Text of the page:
The College first opened its doors to students in 1984 at Barkin Ladi in Plateau State under an Administrative Secretary, who was then designated, Coordinator. In the very first 1984/85 set, only ten professional students were admitted. The figure dropped to four students in 1985/86, and six students in 1986/87 session, before rising marginally to fifteen in the 1987/88 session. As a result of the unusually difficult situation faced by the College in those early days, the College temporarily shut its doors in 1988. However, with the promulgation of ANAN Act in 1993, the College picked up dramatically in pace and tempo.
Currently, the College is temporarily situated at 42T Bauchi Ring Road, Dogon-Dutse, Jos. It was re-opened for academic and professional work in the 1994/95 session with 54 students; 1995/96 session had 142 students and 1996/97 session had 138 students, in 1999/2000 206 students, and in the 2000/2001 session 384 students, 2001/2002 session 656 students, 2002/2003 session 821 students, 2003/2004 session 1,288 students, 2004/2005 session 1,377 students, 2005/2006 session 2,277 students, 2006/2007 session 3,200 students and 2007/2008 session 3,300 students. Its session commences in September and ends the following May. When at full-stream, the College is expected to have an annual intake of 4,000 profession students and another 1,000 practising accountants on Mandatory Continuing Professional Development, MCPD.
On graduation from the University or Polytechnic, the accounting graduate qualifies to attend the NIGERIAN COLLEGE OF ACCOUNTANCY (NCA) where he is given proper professional education and training by experienced professional experts with sound educational background. The Nigerian College of Accountancy is headed by a Director General who is a Certified National Accountant. He is the Chief Executive and Accounting Officer of the College. The Governing Board of the Nigerian College of Accountancy consists of eight (8) Certified National Accountants with the Director General as Member/Secretary to the Board.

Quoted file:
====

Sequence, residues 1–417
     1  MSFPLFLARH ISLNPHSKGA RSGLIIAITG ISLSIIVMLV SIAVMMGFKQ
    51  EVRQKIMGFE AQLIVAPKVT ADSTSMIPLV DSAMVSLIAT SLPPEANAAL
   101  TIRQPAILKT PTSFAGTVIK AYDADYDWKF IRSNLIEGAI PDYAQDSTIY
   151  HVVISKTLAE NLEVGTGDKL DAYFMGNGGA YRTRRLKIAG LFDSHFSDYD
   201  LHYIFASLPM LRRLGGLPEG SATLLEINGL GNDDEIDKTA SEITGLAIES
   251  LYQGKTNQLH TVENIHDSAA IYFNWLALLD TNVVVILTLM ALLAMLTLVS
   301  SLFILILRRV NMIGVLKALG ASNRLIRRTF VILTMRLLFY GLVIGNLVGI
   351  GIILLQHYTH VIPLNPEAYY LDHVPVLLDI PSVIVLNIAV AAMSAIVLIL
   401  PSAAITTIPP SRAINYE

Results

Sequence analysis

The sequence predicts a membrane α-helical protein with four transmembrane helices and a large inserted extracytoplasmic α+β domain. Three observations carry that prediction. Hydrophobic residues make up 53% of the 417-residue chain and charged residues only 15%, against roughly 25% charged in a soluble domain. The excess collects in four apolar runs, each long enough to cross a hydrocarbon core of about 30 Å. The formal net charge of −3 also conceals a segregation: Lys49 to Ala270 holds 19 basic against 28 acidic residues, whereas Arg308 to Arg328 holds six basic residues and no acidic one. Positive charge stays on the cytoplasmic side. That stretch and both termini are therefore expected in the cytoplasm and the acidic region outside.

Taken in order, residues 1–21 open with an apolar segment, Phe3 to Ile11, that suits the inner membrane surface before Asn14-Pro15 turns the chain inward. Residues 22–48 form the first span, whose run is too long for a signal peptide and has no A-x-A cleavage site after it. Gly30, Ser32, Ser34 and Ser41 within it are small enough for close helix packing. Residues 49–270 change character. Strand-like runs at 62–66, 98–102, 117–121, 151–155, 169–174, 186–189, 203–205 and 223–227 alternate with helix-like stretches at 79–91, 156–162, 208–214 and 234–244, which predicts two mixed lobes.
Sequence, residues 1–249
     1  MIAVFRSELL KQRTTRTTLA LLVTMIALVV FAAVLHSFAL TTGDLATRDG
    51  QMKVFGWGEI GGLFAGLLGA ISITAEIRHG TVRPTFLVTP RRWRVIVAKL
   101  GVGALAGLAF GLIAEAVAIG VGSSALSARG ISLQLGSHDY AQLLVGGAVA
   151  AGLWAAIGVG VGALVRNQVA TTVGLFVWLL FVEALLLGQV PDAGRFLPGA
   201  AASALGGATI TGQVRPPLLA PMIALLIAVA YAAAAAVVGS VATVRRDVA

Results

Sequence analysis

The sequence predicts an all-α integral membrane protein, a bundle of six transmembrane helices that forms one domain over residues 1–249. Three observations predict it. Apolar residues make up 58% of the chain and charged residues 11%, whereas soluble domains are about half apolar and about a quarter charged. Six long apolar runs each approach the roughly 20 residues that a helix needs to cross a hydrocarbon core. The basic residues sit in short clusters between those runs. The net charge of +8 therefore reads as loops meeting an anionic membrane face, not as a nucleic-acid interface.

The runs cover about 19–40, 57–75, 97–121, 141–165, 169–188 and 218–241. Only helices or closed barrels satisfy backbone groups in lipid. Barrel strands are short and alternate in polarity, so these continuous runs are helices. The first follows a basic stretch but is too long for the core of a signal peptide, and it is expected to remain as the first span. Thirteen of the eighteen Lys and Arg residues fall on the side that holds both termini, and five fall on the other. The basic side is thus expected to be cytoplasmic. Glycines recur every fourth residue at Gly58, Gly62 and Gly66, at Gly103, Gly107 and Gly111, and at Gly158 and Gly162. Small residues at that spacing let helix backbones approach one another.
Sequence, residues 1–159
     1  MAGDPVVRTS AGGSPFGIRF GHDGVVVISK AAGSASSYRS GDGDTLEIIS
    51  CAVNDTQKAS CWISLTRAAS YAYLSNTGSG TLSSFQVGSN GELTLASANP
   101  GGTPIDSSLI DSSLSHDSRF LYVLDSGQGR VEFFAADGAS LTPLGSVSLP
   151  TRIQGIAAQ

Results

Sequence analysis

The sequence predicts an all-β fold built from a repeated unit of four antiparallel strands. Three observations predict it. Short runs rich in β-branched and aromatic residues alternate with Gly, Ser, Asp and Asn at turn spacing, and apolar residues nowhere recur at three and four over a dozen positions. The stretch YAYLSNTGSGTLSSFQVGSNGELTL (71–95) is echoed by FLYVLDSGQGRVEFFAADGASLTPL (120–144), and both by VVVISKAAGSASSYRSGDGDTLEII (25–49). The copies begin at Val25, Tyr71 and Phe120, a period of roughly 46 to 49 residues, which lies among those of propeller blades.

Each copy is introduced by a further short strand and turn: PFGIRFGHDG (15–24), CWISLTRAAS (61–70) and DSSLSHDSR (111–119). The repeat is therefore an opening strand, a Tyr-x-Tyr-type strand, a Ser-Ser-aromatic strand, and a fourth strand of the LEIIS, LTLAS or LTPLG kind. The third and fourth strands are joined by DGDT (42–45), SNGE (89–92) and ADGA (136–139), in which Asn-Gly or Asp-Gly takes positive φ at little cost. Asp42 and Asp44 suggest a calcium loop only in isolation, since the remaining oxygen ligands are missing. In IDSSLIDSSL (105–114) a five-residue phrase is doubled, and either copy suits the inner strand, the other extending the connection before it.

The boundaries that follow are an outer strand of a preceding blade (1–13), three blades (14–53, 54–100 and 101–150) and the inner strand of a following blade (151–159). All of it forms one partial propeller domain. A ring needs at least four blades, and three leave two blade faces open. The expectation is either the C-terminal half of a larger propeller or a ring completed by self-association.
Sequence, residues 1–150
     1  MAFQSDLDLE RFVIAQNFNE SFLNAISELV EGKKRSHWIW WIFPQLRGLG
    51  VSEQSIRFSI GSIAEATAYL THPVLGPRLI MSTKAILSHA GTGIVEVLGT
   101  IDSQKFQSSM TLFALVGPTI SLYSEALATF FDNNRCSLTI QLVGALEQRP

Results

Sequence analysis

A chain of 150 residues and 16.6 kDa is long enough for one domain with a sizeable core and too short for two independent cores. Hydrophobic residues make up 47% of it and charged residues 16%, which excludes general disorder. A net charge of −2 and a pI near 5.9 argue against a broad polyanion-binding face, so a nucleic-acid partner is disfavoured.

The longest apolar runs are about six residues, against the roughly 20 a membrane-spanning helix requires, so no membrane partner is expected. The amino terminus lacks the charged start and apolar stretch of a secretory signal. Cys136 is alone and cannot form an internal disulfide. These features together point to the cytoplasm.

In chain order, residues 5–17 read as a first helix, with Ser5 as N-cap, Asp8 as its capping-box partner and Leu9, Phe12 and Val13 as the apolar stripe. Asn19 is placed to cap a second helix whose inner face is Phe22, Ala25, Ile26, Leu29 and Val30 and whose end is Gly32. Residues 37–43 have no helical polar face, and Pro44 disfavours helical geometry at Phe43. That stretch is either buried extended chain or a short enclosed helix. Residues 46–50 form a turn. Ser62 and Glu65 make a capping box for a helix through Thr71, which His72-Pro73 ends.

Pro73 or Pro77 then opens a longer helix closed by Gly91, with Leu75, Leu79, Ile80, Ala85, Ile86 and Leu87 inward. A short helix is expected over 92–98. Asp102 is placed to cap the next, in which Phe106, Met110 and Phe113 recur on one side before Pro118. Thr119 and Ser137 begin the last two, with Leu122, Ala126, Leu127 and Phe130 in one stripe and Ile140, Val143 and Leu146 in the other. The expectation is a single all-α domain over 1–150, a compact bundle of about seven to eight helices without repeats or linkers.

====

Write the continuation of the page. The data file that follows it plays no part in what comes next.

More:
At the College, the system of lecturing is largely workshop oriented, garnished with tutorials. Visiting lecturers with wide practical experience are invited on periodic basis to provide tutorial to complement formal lectures.
The objective of this system of pedagogy is to develop students’ ability to practicalise theoretical concepts of a given situation. Students of the College are presumed to have mastered the principles and theories of accounting at degree or higher diploma levels at the University or Polytechnic.
It goes without saying that the emphasis at Nigerian College of Accountancy is on practice and integrity, because the training procedure imparts knowledge, aptitude, skill, competence and, of course, beyond that, judgment in the application of these factors to problems in real life situation. Personality Presentation and Professional Ethics such as mode of dressing, development of personal confidence, sufficiency of self discipline, self analysis, self criticism and caution which reduces the possibilities of mistakes and help acceptable ethical standards in serving the public and colleagues, end of the one year full time (nine months) course, students sit for the professional examination –PEA in January and PEB in May.
On passing the professional examinations, the student then qualifies to undertake a two-year supervised practical experience training in any sector of the economy. Thereafter, he becomes eligible to apply for membership of the Association, and if admitted as a member, he will be entitled to describe himself as a Certified National Accountant and to write after his name the designation “CNA”. At this stage, he is a fully qualified professional accountant but he cannot set up an office for private practice until he fulfils additional conditions set out here under. TheNigerian College of Accountancy is the first of its kind to be established by a body of accountants anywhere in Africa.